When Can an Officer Make an Arrest in Midland
Criminal cases often begin with the arrest of a suspected individual. Specific circumstances must exist before a police officer can lawfully arrest someone.
Generally speaking, a peace officer (police, sheriff's deputy, constable, etc.) can arrest someone if the officer has a warrant of arrest for that person. Art. 15.01, Texas Code of Criminal Procedure defines "warrant of arrest" as a written order from a magistrate, commanding a peace officer to seize the body of the person named in the warrant, who is accused of an offense. A warrant of arrest must be based on the written affidavit of a peace officer, swearing that he has reason to believe that the named person has committed a crime. The magistrate signing the warrant must find that the officer's affidavit shows probable cause to believe that the named person has committed a crime. Under Art. 14.01, Texas Code of Criminal Procedure, a peace officer may also arrest a person, without a warrant, for any offense committed in the officer's presence, or within his view.
Arresting someone is a serious matter, because it deprives the arrested person of his liberty. For this reason, police are required to follow certain procedures when effecting an arrest. It is often assumed that police must put a person in handcuffs or into a police vehicle to arrest them, however, this is not the case. Police may choose to do so depending on the circumstances but they are not legally required to handcuff or physically detain someone to effect an arrest. Midland police officers will often handcuff an individual, and tell him that he is "detained", but not "arrested." Whether or not a person is detained or arrested is a matter for the Court, not the officer, to determine.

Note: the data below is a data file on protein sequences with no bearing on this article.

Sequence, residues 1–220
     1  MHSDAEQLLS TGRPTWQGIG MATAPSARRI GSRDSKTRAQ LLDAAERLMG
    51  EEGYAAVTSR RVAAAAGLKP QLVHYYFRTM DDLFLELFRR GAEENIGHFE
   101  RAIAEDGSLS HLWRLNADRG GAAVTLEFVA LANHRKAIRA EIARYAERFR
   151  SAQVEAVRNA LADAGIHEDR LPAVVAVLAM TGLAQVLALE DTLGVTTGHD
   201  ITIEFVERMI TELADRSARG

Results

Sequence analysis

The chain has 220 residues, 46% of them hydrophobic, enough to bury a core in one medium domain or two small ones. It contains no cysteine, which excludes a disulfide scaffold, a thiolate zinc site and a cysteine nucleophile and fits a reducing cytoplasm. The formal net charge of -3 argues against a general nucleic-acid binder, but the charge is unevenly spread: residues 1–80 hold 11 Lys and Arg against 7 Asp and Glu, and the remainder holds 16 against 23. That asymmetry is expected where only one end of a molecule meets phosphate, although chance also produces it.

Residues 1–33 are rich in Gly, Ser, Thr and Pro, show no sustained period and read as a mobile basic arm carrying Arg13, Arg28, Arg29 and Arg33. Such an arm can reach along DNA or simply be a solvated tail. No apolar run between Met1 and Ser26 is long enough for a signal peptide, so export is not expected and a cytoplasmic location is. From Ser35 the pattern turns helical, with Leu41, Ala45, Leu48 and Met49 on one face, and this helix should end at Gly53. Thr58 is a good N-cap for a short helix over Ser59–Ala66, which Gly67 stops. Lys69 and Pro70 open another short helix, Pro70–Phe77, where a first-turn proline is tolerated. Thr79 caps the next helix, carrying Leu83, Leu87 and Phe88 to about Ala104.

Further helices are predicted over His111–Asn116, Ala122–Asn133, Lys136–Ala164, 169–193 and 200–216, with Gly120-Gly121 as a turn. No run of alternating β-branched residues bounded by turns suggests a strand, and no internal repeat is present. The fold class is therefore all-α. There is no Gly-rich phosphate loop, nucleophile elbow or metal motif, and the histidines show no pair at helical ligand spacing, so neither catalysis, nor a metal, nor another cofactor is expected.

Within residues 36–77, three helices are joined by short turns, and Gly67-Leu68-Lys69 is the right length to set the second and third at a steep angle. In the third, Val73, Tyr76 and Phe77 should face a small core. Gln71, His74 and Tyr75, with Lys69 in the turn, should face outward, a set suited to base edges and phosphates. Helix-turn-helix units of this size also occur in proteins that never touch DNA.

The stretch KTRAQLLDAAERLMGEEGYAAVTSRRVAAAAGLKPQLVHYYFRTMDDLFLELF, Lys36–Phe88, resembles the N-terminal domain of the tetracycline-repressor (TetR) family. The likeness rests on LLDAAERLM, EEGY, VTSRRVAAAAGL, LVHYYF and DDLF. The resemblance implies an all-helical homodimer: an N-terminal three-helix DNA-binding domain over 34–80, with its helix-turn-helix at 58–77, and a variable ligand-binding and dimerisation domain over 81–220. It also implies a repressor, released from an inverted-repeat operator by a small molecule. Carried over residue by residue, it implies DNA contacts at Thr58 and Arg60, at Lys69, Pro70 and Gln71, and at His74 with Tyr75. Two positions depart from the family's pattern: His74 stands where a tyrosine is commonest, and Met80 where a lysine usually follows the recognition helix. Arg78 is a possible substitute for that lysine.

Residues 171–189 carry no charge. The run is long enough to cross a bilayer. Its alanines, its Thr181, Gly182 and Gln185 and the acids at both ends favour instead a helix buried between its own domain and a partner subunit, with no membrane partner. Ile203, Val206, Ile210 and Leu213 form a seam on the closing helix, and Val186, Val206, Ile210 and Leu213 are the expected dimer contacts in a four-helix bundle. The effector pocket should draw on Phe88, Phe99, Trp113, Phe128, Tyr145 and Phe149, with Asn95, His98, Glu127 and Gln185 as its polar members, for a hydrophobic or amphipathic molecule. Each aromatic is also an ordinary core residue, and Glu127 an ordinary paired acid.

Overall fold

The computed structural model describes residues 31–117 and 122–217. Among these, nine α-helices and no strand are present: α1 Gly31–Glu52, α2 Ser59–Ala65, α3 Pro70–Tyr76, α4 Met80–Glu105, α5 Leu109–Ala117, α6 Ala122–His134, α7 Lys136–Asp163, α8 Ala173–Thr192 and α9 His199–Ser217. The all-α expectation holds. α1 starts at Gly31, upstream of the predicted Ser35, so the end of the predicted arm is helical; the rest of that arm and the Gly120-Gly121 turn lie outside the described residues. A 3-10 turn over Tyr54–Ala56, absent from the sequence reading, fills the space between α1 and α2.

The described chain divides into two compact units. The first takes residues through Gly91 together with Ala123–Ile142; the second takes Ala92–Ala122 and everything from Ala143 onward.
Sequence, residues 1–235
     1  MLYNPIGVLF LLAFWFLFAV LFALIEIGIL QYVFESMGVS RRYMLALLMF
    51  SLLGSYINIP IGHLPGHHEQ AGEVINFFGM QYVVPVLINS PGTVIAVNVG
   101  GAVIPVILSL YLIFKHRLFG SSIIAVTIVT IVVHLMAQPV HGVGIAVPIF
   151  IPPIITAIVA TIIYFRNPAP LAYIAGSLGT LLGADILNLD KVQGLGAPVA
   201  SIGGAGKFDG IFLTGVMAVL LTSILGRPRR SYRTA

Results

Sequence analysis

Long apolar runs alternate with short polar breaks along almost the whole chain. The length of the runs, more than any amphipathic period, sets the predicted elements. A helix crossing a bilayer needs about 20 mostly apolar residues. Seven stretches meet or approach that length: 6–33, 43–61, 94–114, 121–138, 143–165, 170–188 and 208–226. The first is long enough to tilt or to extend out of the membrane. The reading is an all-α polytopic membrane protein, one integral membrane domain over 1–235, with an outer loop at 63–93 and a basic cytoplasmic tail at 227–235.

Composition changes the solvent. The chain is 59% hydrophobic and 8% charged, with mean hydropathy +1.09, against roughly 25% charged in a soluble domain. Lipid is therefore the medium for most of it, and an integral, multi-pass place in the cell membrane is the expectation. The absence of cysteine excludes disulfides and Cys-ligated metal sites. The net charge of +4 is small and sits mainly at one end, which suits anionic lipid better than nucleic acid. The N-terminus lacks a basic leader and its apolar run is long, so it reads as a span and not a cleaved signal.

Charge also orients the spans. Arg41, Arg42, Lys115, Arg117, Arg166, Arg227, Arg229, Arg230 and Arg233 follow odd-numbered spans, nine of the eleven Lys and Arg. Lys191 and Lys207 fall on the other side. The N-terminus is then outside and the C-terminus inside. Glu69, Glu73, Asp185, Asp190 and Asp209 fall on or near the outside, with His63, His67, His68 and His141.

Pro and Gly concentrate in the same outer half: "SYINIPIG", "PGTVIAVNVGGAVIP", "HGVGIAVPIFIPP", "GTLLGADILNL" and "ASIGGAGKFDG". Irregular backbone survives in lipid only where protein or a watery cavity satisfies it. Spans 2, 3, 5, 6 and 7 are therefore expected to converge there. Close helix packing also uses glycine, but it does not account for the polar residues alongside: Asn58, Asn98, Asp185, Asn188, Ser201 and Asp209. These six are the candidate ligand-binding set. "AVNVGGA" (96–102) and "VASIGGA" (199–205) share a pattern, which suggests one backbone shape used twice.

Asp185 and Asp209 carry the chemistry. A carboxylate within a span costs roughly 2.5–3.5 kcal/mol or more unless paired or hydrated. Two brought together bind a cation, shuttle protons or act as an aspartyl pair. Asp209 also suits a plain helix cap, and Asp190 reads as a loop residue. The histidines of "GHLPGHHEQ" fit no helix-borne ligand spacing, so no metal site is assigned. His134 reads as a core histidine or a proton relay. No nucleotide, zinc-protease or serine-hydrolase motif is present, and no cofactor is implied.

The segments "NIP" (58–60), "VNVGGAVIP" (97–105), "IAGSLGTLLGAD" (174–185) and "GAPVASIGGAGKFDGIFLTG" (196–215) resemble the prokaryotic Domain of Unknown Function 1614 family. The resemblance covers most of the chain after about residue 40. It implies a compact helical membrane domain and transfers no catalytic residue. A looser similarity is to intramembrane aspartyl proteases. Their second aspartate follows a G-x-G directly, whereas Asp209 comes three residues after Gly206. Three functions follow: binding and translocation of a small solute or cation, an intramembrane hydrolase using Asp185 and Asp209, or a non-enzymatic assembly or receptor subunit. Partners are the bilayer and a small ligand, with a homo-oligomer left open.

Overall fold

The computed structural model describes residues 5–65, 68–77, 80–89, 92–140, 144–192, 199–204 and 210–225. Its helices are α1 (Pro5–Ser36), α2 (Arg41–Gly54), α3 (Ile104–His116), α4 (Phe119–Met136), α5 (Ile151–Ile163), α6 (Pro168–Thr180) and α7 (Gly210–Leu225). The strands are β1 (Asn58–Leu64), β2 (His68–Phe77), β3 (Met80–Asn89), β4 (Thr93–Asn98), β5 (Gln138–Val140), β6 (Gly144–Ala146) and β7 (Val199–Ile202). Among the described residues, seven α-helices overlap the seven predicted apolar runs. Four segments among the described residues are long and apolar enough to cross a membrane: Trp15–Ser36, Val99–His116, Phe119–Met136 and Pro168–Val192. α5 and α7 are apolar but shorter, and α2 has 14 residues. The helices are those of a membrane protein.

Police are also not legally required to read an accused his Miranda rights (“you have the right to remain silent, anything you do say…”) at the time of the person's arrest, BUT the warning must be read before the officer can interrogate the arrested person. arrest. If the officer questions an arrested person, without first giving the Miranda warning, the statement of the arrested person can't be used against him.
Why You Need a Criminal Defense Lawyer if Arrested in Texas
If you are arrested by police, you must identify yourself, and present your driver's license and proof of insurance, but you should politely refuse to submit to further questioning, and immediately ask to speak to a lawyer. All you have to say is "I invoke my right to counsel, and decline to answer any question or make any statement unless a lawyer is present." This is your right. Often times police will tell an arrested suspect that if the suspect submits to questioning, the police will tell the District Attorney that the suspect was cooperative. People who are under arrest often think that such cooperation will help them, but this is rarely the case.
An attorney can also later review your arrest for any issues of excessive force or unlawful arrest, and assist you with preparing any related motions. Call H.W. Leverett, Jr. today at 4326833323 to schedule a Free Consultation.